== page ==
Scientists have figured out how blue-green algae protects itself from ultraviolet rays, in a breakthrough that could lead to a new breed of sunscreens and anti-wrinkle treatments.
Blue-green algae, or cyanobacteria, manufacture special sunscreen molecules called mycosporines and mycosporine-like amino acids (MAAs). The compounds protect the bacteria by absorbing ultraviolet light, an important trait for organisms that thrived on sunlight before the Earth’s atmosphere was thick enough to block harmful radiation.
Researchers have long known about these bio-sunscreens — at least one cosmetics company already uses blue-green algae MAAs to make an anti-wrinkle cream called Helioguard 365.
Now, scientists have figured out how the compounds are made, paving the way for biosynthetic versions.
In a study published in the journal Science, Harvard Medical School researchers announced which genes are responsible for making the sunscreen molecules. Emily Balskus and Christopher Walsh found a gene cluster in a type of blue-green algae that could be responsible for sunscreen production. When they turned on the gene cluster in E. coli bacteria, the E. coli made the sunscreens.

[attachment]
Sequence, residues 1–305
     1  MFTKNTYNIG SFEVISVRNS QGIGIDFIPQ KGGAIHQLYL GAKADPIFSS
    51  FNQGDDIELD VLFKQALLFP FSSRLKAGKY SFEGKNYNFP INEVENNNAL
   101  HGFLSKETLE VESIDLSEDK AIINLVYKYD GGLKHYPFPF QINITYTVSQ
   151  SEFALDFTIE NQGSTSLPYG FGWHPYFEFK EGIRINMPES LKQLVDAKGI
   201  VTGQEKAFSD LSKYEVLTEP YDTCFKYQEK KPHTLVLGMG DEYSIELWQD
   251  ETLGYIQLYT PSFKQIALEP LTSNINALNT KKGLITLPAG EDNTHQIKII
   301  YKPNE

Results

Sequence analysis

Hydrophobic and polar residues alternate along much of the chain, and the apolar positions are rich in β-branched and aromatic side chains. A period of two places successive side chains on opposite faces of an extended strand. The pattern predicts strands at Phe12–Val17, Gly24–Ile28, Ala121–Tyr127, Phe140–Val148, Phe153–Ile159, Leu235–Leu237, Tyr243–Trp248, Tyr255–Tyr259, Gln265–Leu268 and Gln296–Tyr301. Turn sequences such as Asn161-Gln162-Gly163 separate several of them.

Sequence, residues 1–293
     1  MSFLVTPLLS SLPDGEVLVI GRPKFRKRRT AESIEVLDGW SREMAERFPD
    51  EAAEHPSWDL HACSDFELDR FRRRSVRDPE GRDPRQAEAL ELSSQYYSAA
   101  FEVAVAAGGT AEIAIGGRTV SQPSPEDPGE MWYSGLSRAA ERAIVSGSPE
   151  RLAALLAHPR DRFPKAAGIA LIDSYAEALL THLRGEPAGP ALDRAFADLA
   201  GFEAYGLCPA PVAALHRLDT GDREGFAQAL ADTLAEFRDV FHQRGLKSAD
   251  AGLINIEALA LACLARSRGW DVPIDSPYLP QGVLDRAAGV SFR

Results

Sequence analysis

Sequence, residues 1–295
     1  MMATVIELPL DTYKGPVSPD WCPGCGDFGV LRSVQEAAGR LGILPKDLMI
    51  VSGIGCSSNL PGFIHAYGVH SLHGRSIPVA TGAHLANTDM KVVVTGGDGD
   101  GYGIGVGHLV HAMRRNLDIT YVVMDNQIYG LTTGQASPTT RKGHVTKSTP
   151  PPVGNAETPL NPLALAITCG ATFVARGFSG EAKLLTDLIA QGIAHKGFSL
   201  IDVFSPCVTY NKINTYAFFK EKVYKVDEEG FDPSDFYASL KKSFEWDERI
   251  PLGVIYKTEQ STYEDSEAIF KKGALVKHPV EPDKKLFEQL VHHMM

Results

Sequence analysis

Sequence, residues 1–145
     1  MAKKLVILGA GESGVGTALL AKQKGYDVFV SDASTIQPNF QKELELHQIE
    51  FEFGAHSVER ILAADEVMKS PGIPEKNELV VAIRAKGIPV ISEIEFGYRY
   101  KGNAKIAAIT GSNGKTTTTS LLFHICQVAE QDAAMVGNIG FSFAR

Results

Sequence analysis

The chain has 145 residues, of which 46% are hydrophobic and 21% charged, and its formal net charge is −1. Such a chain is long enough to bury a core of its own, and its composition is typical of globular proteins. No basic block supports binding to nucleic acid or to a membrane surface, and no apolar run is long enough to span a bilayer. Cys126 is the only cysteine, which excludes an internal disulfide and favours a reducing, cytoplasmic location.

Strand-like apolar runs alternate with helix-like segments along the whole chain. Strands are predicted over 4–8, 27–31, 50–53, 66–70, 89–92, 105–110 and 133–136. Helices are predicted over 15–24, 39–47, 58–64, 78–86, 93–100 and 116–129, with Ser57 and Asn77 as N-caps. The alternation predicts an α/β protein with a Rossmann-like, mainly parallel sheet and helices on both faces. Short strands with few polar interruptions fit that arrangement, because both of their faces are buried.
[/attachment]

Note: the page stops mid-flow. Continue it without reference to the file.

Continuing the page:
Typical sunscreen lotions are made from compounds that both absorb and reflect UV light, preventing it from reaching your skin. But they don’t block all types of UV radiation. A study this spring by the Environmental Working Group even suggested sunscreens can cause skin cancer, because they contain a vitamin A compound that causes skin damage. A natural biological compound that absorbs UV light would be a major step forward in skin protection.
Just four enzymes were involved in synthesizing the MAAs, the study says. Each MAA has two amino acids linked to a central group, and the links help determine the wavelength and strength of UV absorbance, New Scientist reports.
The authors say their work could lead to new methods for making bio-sunscreens.